x

Politics

Mitsotakis: There Will Be “Further Decisions” on Turkey in March

December 11, 2020

BRUSSELS — Prime Minister Kyriakos Mitsotakis, commenting on the European Council's conclusions regarding Turkey, assured reporters that they can expect the EU to take "further decisions" in March if Turkey's behaviour does not change.

"The pressure must work in such a way as to convince Turkey that it stands to gain by stopping its provocative activities in the Greek Exclusive Economic Zone and …[sitting down to] exploratory contacts to delineate the continental shelf and maritime zones," Mitsotakis said.

He pointed out that the Turkish research vessel "Oruc Reis" had continued its activities at a time when Turkey was saying that it was ready to begin talks, stressing the need for "consistency and continuity" and expressing hope that the European Council's conclusions "are not misinterpreted by Turkey".

He also noted that a resumption of exploratory contacts "does not depend on Greece but primarily on Turkey," adding that Greece was ready to talk "from the moment that tension de-escalates."

Mitsotakis said the conclusions also reflect Europe's desire for closer coordination with the United States on a series of issues, such as the new president's statement about a return to the Paris agreement, while also referring to Washington's stance toward Turkey.

"Both in the US and the EU, the opinion is forming that Turkey generates more problems than it solves," he said.

Mitsotakis said the result of the summit was in line with the decisions taken by European leaders in October, when they said that decisions will be taken if there is further escalation by Turkey: "These decisions were taken. Things did not go in the direction we hoped for. The EU took the first decisions and set in motion the next steps that it may need to take."

He pointed out that this was the first time that the EU High Representative for Foreign Affairs and Security Policy Josep Borrell and the European Commission have been given express authorisation to draw up a document listing options and tools, with a clear time frame.

He noted that Athens' strategy was fully aligned with that of the Cyprus Republic and this "allowed us to achieve this result that is beneficial for Greece, Cyprus and the EU."

The prime minister admitted that not all countries viewed Turkey in the same way but noted that those previously opposed to any sanctions on Turkey had revised their opinion to some extent, adding that diplomacy was a "long game".

"Greece is proceeding with seriousness, responsibility, self-confidence and has built a front of alliances. It is not enough to believe you are right but to be able to convince others," he added.

Regarding Greece's request for an arms embargo, Mitsotakis said that this was pressed hard but not an issue to be raised at the European Council, since it concerned individual member-states on a bilateral level. He pointed out that, at a time when Turkey was behaving in this way, exports of weapons systems to that country were contrary to the principle of solidarity and undermined the interests of the EU, while awareness of this was growing within member-states.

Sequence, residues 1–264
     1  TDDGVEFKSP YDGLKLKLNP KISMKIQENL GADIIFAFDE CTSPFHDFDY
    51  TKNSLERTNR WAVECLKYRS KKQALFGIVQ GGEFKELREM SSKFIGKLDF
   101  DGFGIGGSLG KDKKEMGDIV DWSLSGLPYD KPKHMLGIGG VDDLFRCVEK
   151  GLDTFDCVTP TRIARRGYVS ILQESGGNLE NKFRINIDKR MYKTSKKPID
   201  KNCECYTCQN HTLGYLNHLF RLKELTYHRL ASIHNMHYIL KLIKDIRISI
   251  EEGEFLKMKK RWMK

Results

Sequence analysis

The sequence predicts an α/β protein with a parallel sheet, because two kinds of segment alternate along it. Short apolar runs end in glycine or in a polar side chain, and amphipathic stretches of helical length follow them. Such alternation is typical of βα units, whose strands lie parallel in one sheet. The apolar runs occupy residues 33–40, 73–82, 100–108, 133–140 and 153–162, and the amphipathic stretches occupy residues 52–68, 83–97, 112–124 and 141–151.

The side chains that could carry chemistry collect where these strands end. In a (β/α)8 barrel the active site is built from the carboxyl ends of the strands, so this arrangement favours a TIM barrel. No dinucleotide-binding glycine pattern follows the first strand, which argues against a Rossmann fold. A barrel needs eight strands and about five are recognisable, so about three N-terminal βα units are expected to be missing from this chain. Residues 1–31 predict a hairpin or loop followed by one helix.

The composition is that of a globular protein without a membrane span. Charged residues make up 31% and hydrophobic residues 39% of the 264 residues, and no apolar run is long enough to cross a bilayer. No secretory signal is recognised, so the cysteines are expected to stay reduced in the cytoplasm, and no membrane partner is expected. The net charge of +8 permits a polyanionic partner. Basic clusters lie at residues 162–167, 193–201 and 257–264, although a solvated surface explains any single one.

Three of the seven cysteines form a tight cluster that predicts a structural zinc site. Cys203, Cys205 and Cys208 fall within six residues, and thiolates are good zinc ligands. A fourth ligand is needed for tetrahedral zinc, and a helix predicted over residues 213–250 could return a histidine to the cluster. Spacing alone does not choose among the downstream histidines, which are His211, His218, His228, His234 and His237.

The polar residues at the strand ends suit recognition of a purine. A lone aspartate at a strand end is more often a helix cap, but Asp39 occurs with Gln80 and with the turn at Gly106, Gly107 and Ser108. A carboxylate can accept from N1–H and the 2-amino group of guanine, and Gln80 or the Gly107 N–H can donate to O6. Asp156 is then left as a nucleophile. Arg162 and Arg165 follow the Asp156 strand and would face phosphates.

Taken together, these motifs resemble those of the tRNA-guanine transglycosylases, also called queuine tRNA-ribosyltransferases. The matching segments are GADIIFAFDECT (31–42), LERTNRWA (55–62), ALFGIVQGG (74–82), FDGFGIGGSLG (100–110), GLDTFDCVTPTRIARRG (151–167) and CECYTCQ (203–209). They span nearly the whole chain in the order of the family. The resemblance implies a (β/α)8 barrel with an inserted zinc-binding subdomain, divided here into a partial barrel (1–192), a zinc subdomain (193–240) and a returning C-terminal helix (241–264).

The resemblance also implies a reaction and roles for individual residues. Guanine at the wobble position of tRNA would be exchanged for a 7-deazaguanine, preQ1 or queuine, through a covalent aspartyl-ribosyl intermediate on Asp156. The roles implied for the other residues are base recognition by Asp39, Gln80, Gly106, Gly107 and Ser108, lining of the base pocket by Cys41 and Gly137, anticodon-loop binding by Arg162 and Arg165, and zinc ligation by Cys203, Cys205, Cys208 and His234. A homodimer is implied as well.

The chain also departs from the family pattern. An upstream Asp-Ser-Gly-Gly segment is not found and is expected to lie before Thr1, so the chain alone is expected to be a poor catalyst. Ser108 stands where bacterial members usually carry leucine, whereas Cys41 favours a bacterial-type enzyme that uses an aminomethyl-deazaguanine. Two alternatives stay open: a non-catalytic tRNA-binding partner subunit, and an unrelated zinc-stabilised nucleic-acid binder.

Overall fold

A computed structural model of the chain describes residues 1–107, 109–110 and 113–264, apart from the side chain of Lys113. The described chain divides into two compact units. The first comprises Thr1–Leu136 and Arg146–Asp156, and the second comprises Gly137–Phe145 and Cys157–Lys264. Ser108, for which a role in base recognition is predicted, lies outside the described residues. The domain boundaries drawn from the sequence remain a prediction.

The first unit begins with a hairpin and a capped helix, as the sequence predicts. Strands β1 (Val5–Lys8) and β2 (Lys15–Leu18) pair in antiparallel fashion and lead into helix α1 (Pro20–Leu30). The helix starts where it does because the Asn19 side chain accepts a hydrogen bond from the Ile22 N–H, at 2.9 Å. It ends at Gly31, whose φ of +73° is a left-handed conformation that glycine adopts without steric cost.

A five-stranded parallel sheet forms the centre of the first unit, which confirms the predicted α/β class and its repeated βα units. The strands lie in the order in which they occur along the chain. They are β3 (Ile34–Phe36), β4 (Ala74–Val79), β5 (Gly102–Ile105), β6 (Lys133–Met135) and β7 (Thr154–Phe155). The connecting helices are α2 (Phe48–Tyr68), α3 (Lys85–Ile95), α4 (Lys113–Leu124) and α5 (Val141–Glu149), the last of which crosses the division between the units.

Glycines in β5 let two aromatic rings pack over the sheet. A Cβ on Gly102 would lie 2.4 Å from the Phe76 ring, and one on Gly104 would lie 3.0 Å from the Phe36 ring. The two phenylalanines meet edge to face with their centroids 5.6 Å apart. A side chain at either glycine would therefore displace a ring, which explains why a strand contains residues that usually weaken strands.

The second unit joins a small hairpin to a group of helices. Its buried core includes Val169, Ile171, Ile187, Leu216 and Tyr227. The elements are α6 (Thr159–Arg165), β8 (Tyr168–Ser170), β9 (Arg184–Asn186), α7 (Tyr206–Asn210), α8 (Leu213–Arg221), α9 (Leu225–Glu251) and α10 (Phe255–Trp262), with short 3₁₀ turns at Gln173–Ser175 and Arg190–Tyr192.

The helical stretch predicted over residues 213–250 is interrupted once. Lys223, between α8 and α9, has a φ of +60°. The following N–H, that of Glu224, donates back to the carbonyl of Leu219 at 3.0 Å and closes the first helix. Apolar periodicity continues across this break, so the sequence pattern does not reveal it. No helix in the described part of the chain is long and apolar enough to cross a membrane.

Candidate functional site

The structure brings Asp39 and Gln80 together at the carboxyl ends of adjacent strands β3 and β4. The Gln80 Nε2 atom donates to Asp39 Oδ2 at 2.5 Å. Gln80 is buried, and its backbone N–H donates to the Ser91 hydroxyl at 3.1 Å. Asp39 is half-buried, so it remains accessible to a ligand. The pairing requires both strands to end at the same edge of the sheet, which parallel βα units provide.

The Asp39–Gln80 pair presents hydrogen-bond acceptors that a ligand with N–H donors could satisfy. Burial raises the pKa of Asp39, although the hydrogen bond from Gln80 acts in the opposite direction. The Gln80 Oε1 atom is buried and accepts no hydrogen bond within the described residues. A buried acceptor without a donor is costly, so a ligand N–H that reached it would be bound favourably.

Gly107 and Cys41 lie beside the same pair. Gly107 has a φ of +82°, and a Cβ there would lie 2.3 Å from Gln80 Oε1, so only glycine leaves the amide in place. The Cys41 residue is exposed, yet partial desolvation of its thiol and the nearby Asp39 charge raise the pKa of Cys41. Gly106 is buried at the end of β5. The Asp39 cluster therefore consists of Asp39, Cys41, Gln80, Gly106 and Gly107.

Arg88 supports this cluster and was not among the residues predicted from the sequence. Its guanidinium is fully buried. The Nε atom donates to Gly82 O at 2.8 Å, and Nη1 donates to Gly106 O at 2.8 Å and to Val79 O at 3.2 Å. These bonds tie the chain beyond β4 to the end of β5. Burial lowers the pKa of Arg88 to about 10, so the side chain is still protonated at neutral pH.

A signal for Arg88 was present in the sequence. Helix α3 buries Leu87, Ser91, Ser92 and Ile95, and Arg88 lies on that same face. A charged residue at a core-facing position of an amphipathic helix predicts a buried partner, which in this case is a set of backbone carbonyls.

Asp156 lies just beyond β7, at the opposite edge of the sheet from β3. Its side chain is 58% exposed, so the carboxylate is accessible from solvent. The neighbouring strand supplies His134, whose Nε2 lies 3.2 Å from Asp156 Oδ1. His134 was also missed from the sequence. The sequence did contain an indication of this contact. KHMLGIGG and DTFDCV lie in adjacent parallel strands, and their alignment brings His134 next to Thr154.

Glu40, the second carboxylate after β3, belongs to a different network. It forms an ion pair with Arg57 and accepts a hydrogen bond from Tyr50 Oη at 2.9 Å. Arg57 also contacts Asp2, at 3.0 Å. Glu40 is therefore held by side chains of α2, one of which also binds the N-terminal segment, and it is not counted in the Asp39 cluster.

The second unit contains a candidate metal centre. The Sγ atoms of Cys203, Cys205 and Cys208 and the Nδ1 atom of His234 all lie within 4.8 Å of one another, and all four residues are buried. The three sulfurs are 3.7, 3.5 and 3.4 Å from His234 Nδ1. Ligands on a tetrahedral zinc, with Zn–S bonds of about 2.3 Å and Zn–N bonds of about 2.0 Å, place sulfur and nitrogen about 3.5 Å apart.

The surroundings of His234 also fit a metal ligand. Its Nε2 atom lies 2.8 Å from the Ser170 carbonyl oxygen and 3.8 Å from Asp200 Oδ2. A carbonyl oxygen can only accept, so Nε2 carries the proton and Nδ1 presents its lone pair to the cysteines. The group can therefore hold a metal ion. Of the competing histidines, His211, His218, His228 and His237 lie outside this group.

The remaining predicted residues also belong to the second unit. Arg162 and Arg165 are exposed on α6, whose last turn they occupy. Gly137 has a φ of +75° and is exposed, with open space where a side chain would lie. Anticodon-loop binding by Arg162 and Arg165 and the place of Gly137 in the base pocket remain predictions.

Outlining the Council's conclusions on Turkey, Mitsotakis highlighted the decision to expand the list of persons and entities involved in the illegal gas explorations in the Eastern Mediterranean, noting that this had not been possible in October, the instructions given to Borrell and the European Commission for a report on the entire range of EU-Turkey relations, as well as possible tools and options outlined in the October decision, which included sanctions against Turkey.

He also pointed to the EU's very clear condemnation of Turkish provocations in the Eastern Mediterranean toward both Greece and Cyprus and the call to show consistency and continuity in the direction of de-escalation after the departure of the Oruc Reis, so that exploratory contacts can begin.

"At the same time, included as a condition for continuing exploratory contacts, if these begin, is refraining from all illegal activities – a condition obviously set by Greece," he added.

RELATED

ATHENS - Looking like he didn't have a care in the world, outgoing British Prime Minister Boris Johnson was spotted in Greece doing some casual shopping and heading to visit his father at a residence, while the British were suffering big costs of living.

Top Stories

Columnists

A pregnant woman was driving in the HOV lane near Dallas.

General News

FALMOUTH, MA – The police in Falmouth have identified the victim in an accident involving a car plunging into the ocean on February 20, NBC10 Boston reported.

General News

NEW YORK – Meropi Kyriacou, the new Principal of The Cathedral School in Manhattan, was honored as The National Herald’s Educator of the Year.

Enter your email address to subscribe

Provide your email address to subscribe. For e.g. abc@xyz.com

You may unsubscribe at any time using the link in our newsletter.